The issue of the ego (a recurrent theme in Buddhist teachings) is an enormous one, because ego is wily and slippery and difficult to pin down. It can, and often does, hold us in thrall without our being any the wiser.
The little tale that follows is one of my favourite teaching stories, although I don’t know who to attribute it to. (If anyone does know, I’d like to find out so that I can offer credit where credit is plainly due.) Here it is:
A devoted meditator, after years of concentrating on a particular mantra, had finally attained enough insight to begin teaching. His humility was far from perfect, but the teachers at the monastery felt that he would improve with time.
A few years of successful teaching left the young meditator with no real thought of learning anything from anyone; one day, though, upon hearing about a famous hermit living not too far away, he decided that the opportunity to visit this man was too exciting to be passed up.
The hermit lived alone on an island in the middle of a lake, so the meditator hired a man with a boat to row across to the island.
The meeting went well. The meditator was very respectful of the old hermit; and as they shared a cup of tea together, the meditator asked the old man about his spiritual practice. The hermit replied simply, saying that he had no spiritual practice except for a mantra which he repeated all the time to himself.
The meditator was pleased; it turned out that the hermit was using the same mantra that he himself used. However, when he heard the hermit speak the mantra aloud, he was so horrified that he nearly dropped his teacup!
“What’s wrong?” asked the hermit.
“Oh Venerable One,” the young man replied, “I don’t know what to say. I’m afraid you’ve wasted your whole life! You are pronouncing the mantra incorrectly!”
“Oh, dear,” said the hermit. “that is terrible. Please tell me; how should I say it?”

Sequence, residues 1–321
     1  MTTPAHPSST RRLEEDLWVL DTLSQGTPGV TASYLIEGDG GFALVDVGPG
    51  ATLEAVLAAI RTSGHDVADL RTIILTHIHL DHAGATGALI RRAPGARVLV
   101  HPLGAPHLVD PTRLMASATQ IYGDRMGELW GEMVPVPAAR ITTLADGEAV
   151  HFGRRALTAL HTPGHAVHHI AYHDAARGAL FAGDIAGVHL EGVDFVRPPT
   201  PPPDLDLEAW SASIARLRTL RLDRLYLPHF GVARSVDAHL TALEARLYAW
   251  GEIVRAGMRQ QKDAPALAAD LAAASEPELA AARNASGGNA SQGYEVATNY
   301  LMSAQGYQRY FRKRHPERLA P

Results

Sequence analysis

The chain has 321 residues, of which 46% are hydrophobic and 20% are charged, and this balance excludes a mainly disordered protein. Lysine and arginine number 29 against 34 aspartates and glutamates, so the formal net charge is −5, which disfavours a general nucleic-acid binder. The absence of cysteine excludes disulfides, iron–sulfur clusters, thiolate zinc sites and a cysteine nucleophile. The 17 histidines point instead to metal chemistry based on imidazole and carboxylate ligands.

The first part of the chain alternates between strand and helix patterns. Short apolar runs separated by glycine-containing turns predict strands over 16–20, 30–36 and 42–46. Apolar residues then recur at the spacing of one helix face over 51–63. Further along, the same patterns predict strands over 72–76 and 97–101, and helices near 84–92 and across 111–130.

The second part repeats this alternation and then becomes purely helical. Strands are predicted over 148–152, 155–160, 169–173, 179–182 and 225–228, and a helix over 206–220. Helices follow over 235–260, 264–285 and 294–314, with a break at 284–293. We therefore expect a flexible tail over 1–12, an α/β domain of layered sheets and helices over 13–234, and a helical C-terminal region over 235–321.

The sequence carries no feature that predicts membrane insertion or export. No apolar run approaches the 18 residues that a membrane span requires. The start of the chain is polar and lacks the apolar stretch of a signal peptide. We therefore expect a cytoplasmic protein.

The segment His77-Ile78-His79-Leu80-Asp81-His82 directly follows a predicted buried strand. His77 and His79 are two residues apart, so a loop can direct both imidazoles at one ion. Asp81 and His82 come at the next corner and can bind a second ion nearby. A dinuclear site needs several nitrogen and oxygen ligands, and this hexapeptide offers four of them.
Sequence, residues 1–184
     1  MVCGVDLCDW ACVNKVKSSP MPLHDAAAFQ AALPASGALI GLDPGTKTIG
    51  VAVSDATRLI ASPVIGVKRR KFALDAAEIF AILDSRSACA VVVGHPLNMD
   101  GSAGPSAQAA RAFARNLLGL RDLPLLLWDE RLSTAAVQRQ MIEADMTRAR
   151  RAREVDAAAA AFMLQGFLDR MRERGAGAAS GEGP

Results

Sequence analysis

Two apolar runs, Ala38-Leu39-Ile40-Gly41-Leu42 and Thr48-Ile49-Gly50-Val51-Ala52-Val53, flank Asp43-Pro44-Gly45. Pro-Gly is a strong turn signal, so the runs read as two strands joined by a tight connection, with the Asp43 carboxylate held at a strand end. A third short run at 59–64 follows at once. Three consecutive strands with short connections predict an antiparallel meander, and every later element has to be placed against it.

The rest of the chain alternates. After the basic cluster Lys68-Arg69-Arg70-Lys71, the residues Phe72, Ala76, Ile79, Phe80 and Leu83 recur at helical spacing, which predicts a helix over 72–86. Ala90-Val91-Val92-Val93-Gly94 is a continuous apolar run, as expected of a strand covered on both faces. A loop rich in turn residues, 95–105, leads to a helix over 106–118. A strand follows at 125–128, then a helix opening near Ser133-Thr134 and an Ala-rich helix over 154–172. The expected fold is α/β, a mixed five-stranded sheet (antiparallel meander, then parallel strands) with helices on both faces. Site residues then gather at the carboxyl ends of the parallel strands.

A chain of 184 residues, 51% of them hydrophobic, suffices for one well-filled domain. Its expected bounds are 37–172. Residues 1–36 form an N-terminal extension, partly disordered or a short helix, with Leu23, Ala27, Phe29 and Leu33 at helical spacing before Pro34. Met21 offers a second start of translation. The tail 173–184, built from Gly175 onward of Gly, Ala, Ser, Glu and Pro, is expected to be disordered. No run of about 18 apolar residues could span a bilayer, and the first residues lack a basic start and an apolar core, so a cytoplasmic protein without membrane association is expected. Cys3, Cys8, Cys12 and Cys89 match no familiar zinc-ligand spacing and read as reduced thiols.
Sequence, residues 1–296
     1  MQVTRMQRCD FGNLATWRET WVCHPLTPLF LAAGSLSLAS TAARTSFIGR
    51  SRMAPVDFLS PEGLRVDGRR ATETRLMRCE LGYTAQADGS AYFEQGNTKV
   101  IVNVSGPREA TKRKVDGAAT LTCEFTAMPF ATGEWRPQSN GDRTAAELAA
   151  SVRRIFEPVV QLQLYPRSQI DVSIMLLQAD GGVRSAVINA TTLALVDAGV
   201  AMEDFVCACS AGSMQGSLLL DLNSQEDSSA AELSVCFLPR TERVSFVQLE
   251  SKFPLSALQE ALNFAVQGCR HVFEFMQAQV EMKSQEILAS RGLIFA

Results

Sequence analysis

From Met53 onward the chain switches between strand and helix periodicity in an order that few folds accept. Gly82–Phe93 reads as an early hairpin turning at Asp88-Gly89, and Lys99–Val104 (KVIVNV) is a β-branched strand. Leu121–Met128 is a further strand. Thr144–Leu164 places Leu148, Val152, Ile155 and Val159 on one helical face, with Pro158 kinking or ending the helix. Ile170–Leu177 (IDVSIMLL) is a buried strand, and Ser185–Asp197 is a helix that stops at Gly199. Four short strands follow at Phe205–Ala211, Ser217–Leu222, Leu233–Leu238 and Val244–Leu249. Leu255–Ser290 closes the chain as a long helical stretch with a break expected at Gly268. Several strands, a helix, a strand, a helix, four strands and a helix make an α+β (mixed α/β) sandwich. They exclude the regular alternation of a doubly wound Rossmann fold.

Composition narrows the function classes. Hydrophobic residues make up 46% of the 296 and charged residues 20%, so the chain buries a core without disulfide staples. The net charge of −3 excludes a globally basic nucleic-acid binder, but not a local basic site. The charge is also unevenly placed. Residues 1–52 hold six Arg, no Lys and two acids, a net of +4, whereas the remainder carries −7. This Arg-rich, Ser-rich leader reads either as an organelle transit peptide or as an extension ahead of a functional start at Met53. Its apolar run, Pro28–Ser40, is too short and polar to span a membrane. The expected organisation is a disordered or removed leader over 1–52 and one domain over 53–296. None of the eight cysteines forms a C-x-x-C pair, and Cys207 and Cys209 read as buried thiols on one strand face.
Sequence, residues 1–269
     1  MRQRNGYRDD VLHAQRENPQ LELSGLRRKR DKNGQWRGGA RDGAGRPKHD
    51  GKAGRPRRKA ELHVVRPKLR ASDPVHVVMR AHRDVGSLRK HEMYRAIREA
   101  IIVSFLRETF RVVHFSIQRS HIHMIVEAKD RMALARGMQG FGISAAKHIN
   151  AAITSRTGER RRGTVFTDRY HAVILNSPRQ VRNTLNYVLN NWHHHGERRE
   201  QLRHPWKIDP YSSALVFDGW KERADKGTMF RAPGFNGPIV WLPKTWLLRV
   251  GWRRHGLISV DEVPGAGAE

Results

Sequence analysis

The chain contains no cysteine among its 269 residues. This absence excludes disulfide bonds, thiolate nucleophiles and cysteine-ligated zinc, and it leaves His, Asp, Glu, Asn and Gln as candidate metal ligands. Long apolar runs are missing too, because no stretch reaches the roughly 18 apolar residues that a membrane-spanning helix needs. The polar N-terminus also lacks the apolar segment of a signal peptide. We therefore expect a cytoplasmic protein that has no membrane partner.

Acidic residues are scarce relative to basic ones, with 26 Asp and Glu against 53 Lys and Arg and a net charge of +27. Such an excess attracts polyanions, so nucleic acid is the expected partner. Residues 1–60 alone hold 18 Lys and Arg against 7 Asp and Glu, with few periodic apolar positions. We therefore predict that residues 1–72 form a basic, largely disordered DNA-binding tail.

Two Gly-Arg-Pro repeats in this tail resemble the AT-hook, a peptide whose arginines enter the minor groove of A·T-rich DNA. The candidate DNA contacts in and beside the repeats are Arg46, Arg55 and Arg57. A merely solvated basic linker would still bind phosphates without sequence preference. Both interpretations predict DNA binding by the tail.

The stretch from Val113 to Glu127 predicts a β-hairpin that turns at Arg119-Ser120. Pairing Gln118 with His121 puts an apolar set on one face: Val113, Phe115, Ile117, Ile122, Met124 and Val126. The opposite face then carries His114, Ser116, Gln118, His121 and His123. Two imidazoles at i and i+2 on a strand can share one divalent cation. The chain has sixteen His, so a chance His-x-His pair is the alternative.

The young meditator gave him the correct pronunciation, and the old hermit was very grateful. He excused himself then, explaining that he needed to be left alone so he could get started practicing the new pronunciation right away.
On the way back across the lake, the meditator, now confirmed in his own mind as an accomplished teacher, was pondering the sad fate of the hermit. It’s so fortunate that I came along, he thought to himself. At least he will have a little time to practice correctly before he dies.
At that moment, he noticed that the boatman had stopped rowing and was simply sitting there with his mouth open, looking shocked. He turned, and to his utter astonishment, there was the hermit standing on the water next to the boat, waiting to be acknowledged.
“Excuse me, please,” the old man said. “I hate to bother you, but I’ve forgotten the correct pronunciation. Could you please kindly repeat it for me?”
“But…but…you obviously don’t need it,” stammered the young man; however, the old hermit persisted in his polite request until the meditator relented and told him again the way he thought the mantra should be pronounced.
Upon hearing the pronunciation once more, the old man thanked the meditator and strode off for home, repeating the mantra slowly and carefully as he walked back across the surface of the water to the island.
Now, isn’t that a wonderful story? And see how delicately it offers us the chance to see ourselves in the characters?